If you’re planning to get pregnant within the next few years, then you may prefer a birth control method that you can stop on your own. Birth control pills can be a good option here.

Or if you’re ready to start trying to get pregnant, we can talk about prepregnancy care and how to increase your chances of having a baby. Again, our conversation may vary based on your age. If you’re 35 or older, we can talk about genetic testing and what to do if you have a hard time getting pregnant.

If you’ve recently given birth, we can talk about what’s next for your family. You may already know you want another child. Maybe you’re certain this was your last baby. If you are unsure, that’s okay too. Your ob-gyn can help you choose the birth control method that is best for you right now, keeping in mind that it is best to space your pregnancies apart by at least 18 months. This time frame allows your body time to recover between pregnancies and improves the chances of having a good pregnancy outcome the next time.

Keep talking with your ob-gyn about your plans throughout your reproductive years. Some women stop being concerned about pregnancy in their 40s, assuming their chances are low. In fact, it is possible to get pregnant until you reach menopause (marked by 12 straight months without a menstrual period). So if you aren’t there yet and are having sex, and you don’t want to get pregnant, you need a plan.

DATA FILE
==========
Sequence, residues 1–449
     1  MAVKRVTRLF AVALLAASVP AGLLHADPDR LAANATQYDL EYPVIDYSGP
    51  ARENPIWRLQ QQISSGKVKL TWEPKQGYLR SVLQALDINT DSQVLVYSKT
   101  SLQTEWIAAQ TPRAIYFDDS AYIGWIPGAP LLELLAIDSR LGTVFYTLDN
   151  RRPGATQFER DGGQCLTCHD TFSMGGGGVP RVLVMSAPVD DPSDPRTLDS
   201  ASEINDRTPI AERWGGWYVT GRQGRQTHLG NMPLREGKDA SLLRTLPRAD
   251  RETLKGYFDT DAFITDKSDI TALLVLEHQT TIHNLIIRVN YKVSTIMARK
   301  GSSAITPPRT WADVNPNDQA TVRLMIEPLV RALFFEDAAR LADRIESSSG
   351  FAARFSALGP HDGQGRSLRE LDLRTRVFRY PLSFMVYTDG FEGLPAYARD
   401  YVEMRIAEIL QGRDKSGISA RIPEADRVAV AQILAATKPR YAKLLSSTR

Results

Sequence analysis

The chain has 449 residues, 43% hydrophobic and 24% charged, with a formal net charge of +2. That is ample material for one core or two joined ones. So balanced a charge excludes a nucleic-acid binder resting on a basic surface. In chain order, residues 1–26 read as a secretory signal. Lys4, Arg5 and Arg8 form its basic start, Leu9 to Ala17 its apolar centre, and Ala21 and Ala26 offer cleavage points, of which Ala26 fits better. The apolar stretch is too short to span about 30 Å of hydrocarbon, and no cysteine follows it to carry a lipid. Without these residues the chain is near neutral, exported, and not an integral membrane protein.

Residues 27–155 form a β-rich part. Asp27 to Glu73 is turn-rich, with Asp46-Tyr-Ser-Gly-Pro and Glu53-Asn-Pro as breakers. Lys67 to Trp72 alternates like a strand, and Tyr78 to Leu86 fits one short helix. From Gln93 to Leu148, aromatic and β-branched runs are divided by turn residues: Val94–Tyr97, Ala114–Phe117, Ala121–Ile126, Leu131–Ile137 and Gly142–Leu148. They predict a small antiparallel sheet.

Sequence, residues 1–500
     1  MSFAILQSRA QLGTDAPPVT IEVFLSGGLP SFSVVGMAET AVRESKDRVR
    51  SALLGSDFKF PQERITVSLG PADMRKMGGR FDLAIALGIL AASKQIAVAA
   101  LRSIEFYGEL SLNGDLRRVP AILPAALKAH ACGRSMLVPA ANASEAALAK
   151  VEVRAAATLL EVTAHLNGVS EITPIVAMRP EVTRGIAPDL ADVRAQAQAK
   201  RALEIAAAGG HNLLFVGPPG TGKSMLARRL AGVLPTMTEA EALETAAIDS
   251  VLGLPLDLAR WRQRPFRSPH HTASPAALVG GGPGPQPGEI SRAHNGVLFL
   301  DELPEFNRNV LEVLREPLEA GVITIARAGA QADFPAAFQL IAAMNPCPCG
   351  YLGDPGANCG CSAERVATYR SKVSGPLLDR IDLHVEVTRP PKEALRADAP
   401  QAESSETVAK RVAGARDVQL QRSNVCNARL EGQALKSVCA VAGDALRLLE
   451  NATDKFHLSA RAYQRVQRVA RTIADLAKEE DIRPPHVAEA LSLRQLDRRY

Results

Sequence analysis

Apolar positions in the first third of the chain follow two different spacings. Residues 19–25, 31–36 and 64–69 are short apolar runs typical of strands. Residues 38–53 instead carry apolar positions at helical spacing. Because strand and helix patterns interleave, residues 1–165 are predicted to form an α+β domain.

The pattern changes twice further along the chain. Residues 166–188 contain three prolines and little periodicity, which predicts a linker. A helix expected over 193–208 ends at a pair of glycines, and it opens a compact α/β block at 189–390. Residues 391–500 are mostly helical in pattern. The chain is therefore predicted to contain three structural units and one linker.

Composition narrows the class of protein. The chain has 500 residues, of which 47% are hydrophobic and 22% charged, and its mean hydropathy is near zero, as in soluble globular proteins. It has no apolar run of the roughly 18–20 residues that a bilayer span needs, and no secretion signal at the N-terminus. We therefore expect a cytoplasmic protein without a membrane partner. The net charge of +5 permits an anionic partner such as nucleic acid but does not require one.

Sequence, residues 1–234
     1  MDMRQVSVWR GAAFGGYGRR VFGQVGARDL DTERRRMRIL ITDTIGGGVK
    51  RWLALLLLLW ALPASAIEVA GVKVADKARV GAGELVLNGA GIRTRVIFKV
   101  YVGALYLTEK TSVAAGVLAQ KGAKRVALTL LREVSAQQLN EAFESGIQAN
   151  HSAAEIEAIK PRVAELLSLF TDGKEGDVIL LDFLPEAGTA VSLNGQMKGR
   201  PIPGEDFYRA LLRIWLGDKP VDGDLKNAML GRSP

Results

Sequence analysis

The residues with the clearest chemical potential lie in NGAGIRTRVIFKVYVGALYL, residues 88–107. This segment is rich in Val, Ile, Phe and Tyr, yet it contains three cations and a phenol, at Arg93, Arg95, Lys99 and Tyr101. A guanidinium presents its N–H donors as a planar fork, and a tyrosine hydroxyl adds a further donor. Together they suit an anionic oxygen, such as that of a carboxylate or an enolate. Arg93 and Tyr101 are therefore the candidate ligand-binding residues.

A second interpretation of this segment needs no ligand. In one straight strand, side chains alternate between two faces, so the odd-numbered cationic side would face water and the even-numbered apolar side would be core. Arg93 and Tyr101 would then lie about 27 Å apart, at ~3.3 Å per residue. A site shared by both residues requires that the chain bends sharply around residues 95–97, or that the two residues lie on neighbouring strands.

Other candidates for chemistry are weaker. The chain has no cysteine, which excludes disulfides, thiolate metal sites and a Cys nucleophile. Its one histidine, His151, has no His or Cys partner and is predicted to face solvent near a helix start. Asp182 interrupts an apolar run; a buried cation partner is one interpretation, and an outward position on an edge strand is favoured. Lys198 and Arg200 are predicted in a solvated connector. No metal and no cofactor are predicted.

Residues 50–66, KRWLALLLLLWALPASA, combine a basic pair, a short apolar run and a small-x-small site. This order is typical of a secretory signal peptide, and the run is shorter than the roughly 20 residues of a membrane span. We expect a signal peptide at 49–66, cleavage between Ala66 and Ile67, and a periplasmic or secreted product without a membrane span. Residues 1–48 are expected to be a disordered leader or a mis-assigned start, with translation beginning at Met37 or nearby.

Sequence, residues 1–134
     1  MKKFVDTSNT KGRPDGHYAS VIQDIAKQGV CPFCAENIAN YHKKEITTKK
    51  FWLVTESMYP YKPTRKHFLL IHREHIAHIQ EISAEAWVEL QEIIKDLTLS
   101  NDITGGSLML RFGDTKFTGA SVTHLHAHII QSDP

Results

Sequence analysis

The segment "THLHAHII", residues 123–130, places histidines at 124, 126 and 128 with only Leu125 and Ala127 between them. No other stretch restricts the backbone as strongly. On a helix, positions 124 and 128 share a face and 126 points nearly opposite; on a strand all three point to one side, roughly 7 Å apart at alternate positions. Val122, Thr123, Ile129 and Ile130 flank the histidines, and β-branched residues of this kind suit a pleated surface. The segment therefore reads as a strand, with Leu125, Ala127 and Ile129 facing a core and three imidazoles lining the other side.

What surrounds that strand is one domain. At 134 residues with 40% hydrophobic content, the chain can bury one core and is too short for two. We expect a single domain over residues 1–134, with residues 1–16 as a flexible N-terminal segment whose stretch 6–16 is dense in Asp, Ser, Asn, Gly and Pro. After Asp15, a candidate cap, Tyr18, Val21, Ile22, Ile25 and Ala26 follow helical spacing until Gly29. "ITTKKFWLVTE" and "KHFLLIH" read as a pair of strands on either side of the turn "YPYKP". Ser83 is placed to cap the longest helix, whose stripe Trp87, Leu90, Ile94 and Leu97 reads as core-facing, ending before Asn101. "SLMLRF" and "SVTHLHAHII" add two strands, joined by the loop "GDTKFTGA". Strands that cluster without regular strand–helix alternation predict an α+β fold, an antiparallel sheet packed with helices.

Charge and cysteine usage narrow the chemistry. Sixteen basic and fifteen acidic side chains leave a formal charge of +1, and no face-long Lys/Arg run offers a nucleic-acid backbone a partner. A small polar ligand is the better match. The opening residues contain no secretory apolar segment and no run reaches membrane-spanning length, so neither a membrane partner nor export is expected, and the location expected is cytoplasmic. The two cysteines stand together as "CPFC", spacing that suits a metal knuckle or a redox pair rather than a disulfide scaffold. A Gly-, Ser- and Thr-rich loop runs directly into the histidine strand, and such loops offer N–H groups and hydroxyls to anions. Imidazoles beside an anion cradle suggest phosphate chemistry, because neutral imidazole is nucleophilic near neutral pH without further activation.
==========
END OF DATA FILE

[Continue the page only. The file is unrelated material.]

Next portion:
Your partner in planning

Whether to have a child, and when, is a big decision. Your age, career, financial stability, relationship with a partner, and general health all may come into play. The point is, you can be as proactive with your reproductive health as you are with other aspects of your life, like school and work.

Think about what you want, and talk with your ob-gyn. Like all ob-gyns, I’m here to support you if you want to have children and if you do not. Your health, and the health of any baby you may choose to have, is my top priority.

Published: December 2021

Last reviewed: August 2023

Copyright 2023 by the American College of Obstetricians and Gynecologists. All rights reserved. Read copyright and permissions information.

This information is designed as an educational aid for the public. It offers current information and opinions related to women's health. It is not intended as a statement of the standard of care. It does not explain all of the proper treatments or methods of care. It is not a substitute for the advice of a physician. Read ACOG’s complete disclaimer.

About the Author
Dr. Kimberly Gregory.
Dr. Kimberly D. Gregory

Dr. Gregory is an obstetrician–gynecologist and maternal–fetal medicine specialist at Cedars-Sinai in Los Angeles. She serves as vice chair of Women’s Healthcare Quality and Performance Improvement, division director and fellowship director in the division of Maternal Fetal Medicine, and professor in the department of Obstetrics and Gynecology. She is the Helping Hand of Los Angeles Miriam Jacobs Chair in Maternal Fetal Medicine. She is a fellow of the American College of Obstetricians and Gynecologists (ACOG) and a member of ACOG’s Women’s Preventive Services Initiative.